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Anat Embryol (Berl). 1988;177(4):297-305.

Role of the neural crest in development of the cartilaginous cranial and visceral skeleton of the medaka, Oryzias latipes (Teleostei).

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Department of Biology, Dalhousie University, Halifax, Nova Scotia, Canada.


Neural crestectomies were performed on neurula stage medaka embryos to remove neural crest with tungsten needles from one of five anteriorly located zones. The embryos were allowed to develop to stage 35 (immediately posthatching) larvae, then cleared and stained for cartilage. An analysis of changes to the head skeletons indicated that most of the anterior neurocranium and the entire viscerocranium received neural crest contributions during development. The elements involved included; the lamina orbitonasalis of the nasal capsule, the trabeculae, Meckels' cartilage and the quadrate of the lower jaw, the pterygoid process, the orbital cartilages and the epiphyseals of the neurocranial roof, as well as all the elements of the hyoid and branchial arches. By further analysis of only those neural crest ablations which produced alterations to the head skeleton, the neural crest cells which contributed to the development of each element were mapped. They originated principally, from one of three regions; the mesencephalon (second most anterior zone removed, number II), the preotic rhombencephalon (zone III), or the postotic rhombencephalon (zone IV). Neural crest from the level of the prosencephalon (zone I) was not chondrogenic nor was neural crest from the fifth region (zone V) which extended beyond the 5th to about the 8th or 10th somite and marked the anterior end of trunk neural crest. The data are discussed and are found to be consistent with the results from other vertebrates and support the central role of the neural crest in the development and evolution of the vertebrate head skeleton.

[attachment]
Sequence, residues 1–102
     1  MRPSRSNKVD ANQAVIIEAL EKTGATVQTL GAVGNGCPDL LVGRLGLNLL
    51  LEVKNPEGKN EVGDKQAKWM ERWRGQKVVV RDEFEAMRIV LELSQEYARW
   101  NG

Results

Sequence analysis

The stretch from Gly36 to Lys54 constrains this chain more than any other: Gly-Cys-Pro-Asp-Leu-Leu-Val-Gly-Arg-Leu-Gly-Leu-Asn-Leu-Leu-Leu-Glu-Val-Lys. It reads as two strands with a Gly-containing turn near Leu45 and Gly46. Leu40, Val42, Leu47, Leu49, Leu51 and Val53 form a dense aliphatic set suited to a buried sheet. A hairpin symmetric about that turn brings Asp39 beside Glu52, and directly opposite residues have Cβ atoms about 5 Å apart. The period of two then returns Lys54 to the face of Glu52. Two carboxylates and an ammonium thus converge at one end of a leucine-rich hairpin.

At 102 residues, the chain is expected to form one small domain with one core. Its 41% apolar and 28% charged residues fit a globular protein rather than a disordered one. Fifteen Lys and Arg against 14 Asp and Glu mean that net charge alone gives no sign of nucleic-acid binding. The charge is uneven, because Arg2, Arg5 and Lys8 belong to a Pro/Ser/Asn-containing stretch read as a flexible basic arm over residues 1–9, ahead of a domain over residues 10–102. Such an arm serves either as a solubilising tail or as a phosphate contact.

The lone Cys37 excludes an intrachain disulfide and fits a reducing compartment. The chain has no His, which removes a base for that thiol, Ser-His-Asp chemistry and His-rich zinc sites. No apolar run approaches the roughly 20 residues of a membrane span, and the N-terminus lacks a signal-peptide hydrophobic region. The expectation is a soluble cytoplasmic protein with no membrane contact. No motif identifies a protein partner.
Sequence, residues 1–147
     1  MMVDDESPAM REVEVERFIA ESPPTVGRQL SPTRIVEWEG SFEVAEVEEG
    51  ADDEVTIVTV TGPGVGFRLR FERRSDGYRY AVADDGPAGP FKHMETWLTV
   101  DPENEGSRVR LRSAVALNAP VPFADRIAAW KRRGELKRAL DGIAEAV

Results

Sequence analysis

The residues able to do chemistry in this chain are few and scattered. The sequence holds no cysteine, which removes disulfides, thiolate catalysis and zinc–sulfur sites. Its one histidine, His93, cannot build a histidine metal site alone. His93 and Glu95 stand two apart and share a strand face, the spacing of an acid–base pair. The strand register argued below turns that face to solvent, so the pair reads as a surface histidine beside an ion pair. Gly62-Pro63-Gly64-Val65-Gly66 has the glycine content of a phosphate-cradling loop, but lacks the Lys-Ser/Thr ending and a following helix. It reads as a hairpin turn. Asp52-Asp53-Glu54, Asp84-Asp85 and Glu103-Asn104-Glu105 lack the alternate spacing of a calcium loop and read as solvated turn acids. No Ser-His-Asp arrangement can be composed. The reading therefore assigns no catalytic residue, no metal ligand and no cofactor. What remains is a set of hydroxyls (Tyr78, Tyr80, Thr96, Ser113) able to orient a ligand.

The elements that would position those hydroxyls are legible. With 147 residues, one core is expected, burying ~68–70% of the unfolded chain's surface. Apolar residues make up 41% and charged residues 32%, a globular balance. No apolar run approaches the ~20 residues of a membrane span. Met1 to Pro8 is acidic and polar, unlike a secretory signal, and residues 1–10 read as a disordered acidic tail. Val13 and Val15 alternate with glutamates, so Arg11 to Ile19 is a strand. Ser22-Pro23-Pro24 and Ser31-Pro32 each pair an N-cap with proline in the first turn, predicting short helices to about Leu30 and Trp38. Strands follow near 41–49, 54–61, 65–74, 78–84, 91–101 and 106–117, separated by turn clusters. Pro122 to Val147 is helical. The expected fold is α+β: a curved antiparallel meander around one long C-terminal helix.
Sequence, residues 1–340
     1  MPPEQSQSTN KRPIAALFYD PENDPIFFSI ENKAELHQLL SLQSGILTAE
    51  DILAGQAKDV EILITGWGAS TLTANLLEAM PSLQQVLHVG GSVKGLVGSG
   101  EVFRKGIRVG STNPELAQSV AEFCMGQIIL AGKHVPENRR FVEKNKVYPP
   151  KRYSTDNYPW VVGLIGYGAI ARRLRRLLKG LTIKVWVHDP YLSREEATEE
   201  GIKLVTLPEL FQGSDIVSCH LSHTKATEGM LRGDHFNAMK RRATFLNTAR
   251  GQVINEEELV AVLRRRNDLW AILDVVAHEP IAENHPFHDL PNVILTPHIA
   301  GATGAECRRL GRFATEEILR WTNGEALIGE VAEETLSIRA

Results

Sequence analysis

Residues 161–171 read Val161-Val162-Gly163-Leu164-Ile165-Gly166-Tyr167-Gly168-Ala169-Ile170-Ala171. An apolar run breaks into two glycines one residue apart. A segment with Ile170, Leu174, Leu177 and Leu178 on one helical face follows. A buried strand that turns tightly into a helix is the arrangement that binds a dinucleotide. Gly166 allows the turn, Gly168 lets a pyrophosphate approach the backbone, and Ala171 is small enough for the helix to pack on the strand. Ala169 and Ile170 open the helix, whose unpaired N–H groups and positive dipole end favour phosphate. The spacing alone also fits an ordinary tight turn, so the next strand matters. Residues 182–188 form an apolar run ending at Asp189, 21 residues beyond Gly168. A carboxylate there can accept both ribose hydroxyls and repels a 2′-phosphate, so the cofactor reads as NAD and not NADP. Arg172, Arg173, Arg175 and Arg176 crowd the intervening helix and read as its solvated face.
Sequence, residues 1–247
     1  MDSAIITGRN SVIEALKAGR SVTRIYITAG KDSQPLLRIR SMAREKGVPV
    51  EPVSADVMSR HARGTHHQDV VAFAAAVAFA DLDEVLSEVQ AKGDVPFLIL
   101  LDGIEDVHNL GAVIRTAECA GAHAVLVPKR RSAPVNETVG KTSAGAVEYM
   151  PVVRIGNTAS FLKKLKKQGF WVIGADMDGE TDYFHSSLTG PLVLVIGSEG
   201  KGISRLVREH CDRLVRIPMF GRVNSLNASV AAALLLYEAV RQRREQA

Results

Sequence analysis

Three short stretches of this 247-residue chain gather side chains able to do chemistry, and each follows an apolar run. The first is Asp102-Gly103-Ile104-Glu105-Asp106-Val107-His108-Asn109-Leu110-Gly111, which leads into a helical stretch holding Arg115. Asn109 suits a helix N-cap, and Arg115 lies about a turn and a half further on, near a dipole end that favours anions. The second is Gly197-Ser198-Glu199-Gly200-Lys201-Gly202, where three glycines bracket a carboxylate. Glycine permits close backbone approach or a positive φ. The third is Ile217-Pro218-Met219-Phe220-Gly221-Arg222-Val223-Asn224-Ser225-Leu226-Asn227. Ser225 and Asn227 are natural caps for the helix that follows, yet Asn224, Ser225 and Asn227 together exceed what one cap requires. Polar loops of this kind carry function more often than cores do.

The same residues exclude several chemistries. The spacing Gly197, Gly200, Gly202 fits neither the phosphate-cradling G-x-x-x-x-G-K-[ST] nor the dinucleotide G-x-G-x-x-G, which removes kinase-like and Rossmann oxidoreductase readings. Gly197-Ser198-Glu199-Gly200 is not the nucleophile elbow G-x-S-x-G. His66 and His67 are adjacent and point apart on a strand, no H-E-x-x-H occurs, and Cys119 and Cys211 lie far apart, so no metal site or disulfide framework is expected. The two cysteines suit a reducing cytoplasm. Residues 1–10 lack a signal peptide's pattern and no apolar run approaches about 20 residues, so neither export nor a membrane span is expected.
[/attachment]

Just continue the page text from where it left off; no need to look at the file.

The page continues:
[Indexed for MEDLINE]

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